Friday, 23 March 2018 10:27

Mar 23 - Asterix

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After successfully completing sea trials, the Royal Canadian Navy’s new Resolve-class naval support ship M.V. Asterix sailed from Quebec City in December 2017 for her home port of Halifax where she was formally commissioned on January 30 this year. Built in 2010 as a container ship, Asterix carried the names Amorito, Neermoor and Cynthia  in the five years prior to being purchased by Federal Fleet Services in 2015 under the Canadian Government’s “Project Resolve”. She is the first new naval support ship to enter service with the Royal Canadian Navy in 50 years, the first large naval platform to be delivered from a Canadian shipyard in over 20 years and the first naval vessel to be delivered since the launch of the National Shipbuilding Strategy. The contract to convert the vessel was awarded to Chantier Davie Shipyards under a controversial non-competitive contract after Davie was excluded from the original National Shipbuilding and Procurement Strategy on account of being in receivership at that time.

Built by Nordic Shipyards, Wismar, Germany in 2010
Converted by Chantier Davie Shipyards, Quebec (2015-17)
LOA 185.5m
Beam 25.2m
Service speed 22knots
Helicopters: 2 x Sikorsky CH-148 Cyclones or 2 × Boeing CH-47F Chinooks
Class: Lloyds Register


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The conversion of Asterix from an ice-strengthened containership to a modern fleet replenishment vessel involved stripping the vessel down to enable a fully modular rebuild. Along with offensive and passive self-defence systems and aviation capacity to accommodate helicopters, she is the first RCN seagoing hospital facility equipped with a full operating theatre. The government declined to contract with Davie Shipbuilding for conversion of a second vessel resulting in the lay-off of a reported 400 shipyard workers. An unconfirmed Globe and Mail investigation has concluded that Davie is today owned by a complex web of companies that can be traced from Canada and the United Kingdom to Monaco and the British Virgin Islands.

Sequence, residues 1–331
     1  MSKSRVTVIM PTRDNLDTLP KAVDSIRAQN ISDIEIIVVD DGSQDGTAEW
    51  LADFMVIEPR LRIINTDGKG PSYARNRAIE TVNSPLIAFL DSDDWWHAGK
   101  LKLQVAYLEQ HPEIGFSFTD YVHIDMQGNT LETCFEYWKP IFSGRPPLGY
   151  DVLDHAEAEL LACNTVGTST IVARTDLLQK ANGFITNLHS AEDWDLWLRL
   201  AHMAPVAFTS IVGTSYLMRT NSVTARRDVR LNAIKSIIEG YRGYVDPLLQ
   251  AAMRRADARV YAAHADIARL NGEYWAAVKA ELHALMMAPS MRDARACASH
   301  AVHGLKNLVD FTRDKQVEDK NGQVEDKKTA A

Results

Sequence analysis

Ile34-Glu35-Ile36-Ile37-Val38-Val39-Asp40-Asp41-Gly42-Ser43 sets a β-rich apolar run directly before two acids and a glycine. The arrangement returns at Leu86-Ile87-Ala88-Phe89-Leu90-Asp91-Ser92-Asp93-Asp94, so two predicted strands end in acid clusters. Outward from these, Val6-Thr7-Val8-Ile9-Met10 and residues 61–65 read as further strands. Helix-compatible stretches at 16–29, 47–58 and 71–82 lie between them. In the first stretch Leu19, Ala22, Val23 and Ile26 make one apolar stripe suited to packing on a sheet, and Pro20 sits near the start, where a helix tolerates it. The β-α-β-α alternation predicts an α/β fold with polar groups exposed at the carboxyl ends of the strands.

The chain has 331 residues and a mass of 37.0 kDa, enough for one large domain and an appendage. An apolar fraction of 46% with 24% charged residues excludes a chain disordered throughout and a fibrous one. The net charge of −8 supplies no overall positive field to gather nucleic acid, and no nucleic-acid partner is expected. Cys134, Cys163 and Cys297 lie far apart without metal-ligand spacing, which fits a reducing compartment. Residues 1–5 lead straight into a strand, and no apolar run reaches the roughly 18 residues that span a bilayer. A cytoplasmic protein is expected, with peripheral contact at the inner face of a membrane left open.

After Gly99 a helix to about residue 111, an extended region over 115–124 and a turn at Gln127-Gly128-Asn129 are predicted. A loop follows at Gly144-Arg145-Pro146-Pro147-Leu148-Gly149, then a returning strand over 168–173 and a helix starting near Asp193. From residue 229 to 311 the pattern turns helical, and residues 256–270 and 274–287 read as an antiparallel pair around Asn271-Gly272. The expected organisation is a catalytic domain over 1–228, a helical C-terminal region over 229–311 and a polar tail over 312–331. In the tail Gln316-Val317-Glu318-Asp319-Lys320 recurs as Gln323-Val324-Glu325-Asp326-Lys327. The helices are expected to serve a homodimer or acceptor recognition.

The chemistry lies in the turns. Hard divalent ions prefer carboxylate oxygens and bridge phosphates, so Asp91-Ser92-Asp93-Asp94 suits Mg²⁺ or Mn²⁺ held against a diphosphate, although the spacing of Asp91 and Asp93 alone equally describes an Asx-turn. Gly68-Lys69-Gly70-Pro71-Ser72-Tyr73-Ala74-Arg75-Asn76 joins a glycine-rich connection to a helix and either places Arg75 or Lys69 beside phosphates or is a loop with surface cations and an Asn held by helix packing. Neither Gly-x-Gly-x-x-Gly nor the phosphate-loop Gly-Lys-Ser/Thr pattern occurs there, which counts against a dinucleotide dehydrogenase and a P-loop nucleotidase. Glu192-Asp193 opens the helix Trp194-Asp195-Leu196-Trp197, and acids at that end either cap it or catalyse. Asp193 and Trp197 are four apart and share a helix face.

Purchased for CAD 20 million and converted for $667 million (RCMP estimate). Asterix has been described as a stop-gap replacement for the Protecteur Class fleet replenishment vessels, HMCS Protecteur  and HMCS Preserver, built in 1969 and 1970 respectively, both of which were forced to de-commission prior to construction of replacements. Under the agreed financial terms, Asterix is chartered by Project Resolve to the navy at a reported annual cost of CAD75 million. Under the National Shipbuilding Strategy, Seaspan’s North Vancouver yard is scheduled to build two replacement “Joint Support Ships” as permanent additions to the fleet at a total project cost reported to be in the range of $3.0 billion.


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The picture above left shows the rebuilt fully integrated bridge on Asterix and above right is an artist’s impression of the new Joint Support Ships, currently scheduled for delivery in 2021 and 2022. They are based on an existing successful German design and will also be christened Protecteur  and Preserver.


Ship of the Week contributed by Capt. Stephen Brown, West Pacific Marine Ltd


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